Beirut, the scholarships donated by the Pope: a drop in the ocean
The aim of Pope Francis' gesture was to push other benefactors to support Catholic schools. 80% of them risk not opening their doors for the next school year. There are two problems: an unsustainable increase in wages and the fall in state subsidies. The distribution of scholarships is managed by the nunciature in Lebanon.
Beirut (AsiaNews) - The 400 scholarships (200 thousand dollars) that Pope Francis donated for children in Lebanon are a drop in the ocean, according to many leading figures in the academic world. They specify that this "tangible sign of proximity" will be distributed preferably to poor children, who attend "semi-state" primary schools, those subsidized by the State and managed by the Catholic Church.
These are special schools that have not received any subsidies from the state in the past three years. In theory, these schools should receive an average annual grant of 800 thousand Lebanese pounds, about 50% of the cost of the child's schooling; the other half is insured by parents. On the national territory there are a total of 640 schools of this type; their students come from urban and rural areas of limited resources.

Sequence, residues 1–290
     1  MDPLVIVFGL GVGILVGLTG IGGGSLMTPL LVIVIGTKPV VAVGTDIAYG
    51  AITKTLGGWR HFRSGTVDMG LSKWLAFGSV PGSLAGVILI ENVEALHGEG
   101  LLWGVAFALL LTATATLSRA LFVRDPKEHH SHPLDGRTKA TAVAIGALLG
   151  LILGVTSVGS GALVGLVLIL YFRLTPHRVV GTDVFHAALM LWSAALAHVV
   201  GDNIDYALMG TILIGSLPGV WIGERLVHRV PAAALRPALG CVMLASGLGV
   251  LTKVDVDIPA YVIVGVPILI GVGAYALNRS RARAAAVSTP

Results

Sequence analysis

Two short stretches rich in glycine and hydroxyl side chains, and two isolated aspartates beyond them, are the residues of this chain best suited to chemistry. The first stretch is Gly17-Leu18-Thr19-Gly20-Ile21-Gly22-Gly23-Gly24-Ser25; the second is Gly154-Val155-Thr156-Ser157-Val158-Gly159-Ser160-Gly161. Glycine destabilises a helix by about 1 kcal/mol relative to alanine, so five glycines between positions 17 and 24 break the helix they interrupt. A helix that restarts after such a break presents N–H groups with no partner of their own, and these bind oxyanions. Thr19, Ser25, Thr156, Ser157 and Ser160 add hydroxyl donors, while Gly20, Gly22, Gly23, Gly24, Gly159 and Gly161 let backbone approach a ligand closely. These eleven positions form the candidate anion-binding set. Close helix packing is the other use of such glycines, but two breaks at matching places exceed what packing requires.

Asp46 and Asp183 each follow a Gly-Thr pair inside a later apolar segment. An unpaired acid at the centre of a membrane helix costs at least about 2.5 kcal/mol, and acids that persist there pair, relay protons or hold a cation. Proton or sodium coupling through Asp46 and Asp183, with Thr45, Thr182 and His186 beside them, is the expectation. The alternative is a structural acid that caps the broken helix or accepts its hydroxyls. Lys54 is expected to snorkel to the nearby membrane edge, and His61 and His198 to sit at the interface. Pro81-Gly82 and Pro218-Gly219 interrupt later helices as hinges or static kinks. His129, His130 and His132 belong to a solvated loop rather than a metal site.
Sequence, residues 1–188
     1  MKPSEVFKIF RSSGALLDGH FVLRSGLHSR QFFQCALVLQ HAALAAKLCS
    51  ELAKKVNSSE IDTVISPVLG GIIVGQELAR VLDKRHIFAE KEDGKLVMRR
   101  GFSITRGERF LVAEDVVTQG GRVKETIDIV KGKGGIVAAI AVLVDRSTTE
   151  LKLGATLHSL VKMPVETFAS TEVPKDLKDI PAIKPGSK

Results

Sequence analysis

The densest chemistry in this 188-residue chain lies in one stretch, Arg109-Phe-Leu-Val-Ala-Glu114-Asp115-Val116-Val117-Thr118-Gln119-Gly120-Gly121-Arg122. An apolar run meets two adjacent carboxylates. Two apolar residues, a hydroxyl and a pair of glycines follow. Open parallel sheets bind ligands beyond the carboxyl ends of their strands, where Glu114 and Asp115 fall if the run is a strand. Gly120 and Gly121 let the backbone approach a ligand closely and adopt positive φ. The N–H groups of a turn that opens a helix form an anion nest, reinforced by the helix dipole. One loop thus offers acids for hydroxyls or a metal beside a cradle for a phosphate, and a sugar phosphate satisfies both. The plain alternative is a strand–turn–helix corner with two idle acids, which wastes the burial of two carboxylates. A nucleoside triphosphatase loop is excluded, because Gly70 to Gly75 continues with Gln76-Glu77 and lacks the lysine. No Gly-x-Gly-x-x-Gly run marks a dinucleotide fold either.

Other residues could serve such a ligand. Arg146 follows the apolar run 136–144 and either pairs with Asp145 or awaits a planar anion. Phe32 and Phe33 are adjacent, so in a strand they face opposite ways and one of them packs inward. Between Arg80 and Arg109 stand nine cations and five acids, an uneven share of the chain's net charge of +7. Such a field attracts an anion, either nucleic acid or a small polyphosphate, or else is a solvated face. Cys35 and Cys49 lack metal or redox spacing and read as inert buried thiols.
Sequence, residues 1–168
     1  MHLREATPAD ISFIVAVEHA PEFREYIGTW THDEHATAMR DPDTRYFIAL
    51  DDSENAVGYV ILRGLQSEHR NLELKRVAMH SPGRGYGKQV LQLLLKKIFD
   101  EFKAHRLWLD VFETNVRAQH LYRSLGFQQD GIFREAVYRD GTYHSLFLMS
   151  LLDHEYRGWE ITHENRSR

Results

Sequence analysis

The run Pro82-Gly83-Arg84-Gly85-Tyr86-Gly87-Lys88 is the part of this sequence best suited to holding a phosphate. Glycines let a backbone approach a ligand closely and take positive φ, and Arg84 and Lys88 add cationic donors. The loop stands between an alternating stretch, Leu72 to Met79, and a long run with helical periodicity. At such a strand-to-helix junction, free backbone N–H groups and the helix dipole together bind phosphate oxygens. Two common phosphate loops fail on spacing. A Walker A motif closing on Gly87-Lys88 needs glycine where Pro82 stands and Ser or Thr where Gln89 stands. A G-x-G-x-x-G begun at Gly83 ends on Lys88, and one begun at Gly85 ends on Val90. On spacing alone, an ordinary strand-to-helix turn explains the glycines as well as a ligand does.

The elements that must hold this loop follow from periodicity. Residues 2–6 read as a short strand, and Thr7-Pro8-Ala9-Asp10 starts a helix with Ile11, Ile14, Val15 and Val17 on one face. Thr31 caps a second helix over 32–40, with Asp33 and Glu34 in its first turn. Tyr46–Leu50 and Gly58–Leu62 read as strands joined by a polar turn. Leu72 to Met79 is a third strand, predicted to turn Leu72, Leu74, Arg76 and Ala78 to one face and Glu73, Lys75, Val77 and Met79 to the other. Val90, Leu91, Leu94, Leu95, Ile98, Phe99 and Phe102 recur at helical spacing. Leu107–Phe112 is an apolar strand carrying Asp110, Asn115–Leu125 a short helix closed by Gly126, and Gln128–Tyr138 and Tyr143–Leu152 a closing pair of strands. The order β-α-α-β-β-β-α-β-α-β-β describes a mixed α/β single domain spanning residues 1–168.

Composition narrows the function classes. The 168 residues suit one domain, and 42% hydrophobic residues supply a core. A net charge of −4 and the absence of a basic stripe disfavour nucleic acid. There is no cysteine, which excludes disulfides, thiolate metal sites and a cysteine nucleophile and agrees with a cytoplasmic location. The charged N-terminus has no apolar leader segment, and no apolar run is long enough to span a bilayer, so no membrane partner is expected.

It must be said that in continuity with the gift from the Holy See and behind this example, the apostolic nunciature in Lebanon offered another 100 scholarships from the Isabelle Tyan Fund for education, administered by the nunciature. Other benefactors have indicated their willingness to contribute to the Pope's initiative, confirming the knock-on effect that the pontiff hoped to give rise to with his gesture.
State of urgency
A state of urgency has been declared in academic circles, especially after the recent statement by the secretary general of Catholic schools, Fr. Boutros Azar. Days ago, he announced that most of the schools run by the Catholic congregations in Lebanon, that is, not less than 80% of them, are heading in an inevitable direction towards closure, due to the economic difficulties and state negligence.
"Because of this - Fr. Azar - these schools will not open their doors in the next year (2020-2021) ". Deprived of state grants, faced with enormous financial burdens due to wage increases in the public sector - which are also applied by law to teachers in private schools - these schools are now suffocating.
Rules have been established for the distribution of scholarships, for which the nunciature is responsible; there have also been contacts with religious congregations that run state-funded primary schools. A good source ensures that the criteria for the distribution of the scholarships are: 1) Each scholarship application must be addressed to the nunciature; 2) there is no discrimination on the religious or ethnic grounds; 3) the grants will be distributed equally to boys and girls.